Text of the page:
wiki:ImplementationConceptOnline

Implementation Concept of the Online Mode

Implementation Concept

  1. General Concept
  2. Online Mode
  3. Offline Mode

Online mode: Attaching PDAF to a model

Here we describe the extensions of the model code for the online mode of PDAF. The online mode offers two implementation variants. The first one, called fully-parallel, assumes that you have a sufficient number of processes when running the data assimilation program so that all ensemble states can be propagated concurrently. The parallelism allows for a simplified implementation. The second implementation variant, called flexible, allows to run the assimilation program in a way so that a model task (set of processors running one model integration) can propagate several ensemble states successively. This implementation variant is a bit more complicated, because one has to ensure that the model can jump back in time.

If the data assimilation can be run with a sufficient number of processors to use the 'fully-parallel' variant, we recommend to use it. With PDAF Version 1.10 particular interface routines PDAF_assimilate_X have been introduced to support this implementation style.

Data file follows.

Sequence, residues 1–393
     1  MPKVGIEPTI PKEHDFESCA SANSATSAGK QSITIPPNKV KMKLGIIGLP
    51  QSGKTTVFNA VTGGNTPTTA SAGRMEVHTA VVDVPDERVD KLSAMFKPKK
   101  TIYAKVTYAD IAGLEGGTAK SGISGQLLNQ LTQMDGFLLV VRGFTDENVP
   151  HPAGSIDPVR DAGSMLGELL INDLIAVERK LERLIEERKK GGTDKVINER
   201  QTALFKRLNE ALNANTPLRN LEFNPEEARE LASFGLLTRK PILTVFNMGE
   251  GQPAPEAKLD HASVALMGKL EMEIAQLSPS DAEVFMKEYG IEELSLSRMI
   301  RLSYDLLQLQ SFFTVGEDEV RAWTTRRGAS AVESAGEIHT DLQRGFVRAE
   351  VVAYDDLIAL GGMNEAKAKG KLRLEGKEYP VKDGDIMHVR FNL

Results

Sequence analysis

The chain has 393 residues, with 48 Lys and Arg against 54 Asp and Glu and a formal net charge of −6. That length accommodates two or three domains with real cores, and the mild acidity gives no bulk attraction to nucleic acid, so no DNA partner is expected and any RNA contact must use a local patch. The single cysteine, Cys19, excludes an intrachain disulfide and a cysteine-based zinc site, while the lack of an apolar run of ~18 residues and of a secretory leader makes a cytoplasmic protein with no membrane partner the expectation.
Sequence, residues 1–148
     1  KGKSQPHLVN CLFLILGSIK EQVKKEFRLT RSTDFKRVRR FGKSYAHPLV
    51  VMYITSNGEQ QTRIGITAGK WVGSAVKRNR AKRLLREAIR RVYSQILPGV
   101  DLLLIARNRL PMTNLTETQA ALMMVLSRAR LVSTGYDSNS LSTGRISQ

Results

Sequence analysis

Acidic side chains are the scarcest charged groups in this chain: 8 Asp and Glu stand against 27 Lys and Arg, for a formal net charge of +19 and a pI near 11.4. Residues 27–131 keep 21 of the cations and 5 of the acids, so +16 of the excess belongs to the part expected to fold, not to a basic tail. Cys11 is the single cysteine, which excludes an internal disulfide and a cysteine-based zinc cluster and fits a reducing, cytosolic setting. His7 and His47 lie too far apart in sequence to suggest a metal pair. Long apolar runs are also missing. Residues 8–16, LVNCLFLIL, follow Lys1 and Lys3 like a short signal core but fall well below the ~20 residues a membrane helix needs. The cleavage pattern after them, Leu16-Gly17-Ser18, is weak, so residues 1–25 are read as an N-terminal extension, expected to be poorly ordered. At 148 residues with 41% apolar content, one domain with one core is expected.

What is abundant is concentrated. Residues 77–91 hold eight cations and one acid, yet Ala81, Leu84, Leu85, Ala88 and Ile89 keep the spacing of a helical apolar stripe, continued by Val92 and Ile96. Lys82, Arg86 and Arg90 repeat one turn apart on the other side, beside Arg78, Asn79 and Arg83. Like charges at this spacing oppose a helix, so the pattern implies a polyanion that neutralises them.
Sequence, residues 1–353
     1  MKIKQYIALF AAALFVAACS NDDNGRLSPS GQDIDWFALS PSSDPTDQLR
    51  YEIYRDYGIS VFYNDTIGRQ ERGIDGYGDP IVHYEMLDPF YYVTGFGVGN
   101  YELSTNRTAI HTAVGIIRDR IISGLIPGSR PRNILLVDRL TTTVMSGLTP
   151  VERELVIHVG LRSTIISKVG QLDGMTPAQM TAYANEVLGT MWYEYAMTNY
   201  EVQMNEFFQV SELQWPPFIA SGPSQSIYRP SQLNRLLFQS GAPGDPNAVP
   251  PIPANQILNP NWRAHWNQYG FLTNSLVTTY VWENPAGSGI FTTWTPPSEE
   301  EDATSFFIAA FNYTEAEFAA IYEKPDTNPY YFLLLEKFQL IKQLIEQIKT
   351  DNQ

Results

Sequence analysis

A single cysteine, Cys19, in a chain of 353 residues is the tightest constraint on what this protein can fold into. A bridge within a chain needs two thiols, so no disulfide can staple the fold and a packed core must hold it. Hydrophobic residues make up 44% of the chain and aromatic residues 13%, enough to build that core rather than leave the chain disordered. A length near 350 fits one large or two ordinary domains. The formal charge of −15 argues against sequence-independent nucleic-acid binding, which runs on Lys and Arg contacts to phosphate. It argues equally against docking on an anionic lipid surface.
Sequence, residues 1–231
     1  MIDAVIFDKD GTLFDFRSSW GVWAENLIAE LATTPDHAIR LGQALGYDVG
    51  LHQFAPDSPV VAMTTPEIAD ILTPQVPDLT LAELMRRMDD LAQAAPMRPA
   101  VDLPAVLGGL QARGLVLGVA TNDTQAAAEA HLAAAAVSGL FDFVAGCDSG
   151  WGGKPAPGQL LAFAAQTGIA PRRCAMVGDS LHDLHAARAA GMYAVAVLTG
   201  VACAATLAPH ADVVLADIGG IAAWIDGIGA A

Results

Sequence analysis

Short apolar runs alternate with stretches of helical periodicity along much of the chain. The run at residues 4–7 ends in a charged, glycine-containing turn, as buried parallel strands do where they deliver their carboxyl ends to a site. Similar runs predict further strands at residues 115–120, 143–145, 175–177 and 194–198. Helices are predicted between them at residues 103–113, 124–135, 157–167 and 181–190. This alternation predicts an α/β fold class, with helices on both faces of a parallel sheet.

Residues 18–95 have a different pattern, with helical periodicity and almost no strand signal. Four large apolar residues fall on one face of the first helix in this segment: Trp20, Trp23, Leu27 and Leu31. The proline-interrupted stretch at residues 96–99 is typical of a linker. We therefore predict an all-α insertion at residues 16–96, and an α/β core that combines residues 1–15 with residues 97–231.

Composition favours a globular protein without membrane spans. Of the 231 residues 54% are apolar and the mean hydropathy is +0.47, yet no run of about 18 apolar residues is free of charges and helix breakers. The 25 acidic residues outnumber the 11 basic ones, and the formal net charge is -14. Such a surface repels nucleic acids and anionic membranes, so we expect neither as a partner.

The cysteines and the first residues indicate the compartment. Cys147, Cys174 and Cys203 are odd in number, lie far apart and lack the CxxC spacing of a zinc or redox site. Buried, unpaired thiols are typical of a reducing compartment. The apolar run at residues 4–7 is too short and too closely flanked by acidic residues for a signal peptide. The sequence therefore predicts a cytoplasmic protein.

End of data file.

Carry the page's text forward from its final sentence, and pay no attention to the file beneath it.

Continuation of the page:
The assimilation system is built by adding calls to PDAF-routines to the general part of the model code. As only minimal changes to the model code are required, we refer to this as "attaching" PDAF to the model.

The general concept is depicted in figure 1. The left hand side shows a typical abstract structure of a numerical model. When the program is executed, the following steps are performed:

  1. The model is initialized. Thus arrays for the model fields are allocated and filled with initial fields. Thus, the model grid is build up virtually in the program.
  2. After the initialization the time stepping loop is performed. Here the model fields are propagated through time.
  3. When the integration of the model fields is completed after a defined number of time steps, various post-processing operations are performed. Then the program stops.

/pics/da_extension2x.png
Figure 1: (left) Generic structure of a model code, (center) extension for fully-parallel data assimilation system with PDAF, (right) extension for flexible data assimilation system with PDAF.

Extensions for the fully-parallel assimilation system
The center of Figure 1 shows the extensions required for the fully-parallel assimilation system (marked yellow):

  • init_parallel_pdaf: This routine is inserted close to the start of the model code. If the model itself is parallelized the correct location is directly after the initialization of the parallelization in the model code. init_parallel_pdaf creates the parallel environment that allows to perform several time stepping loops ("model tasks") at the same time.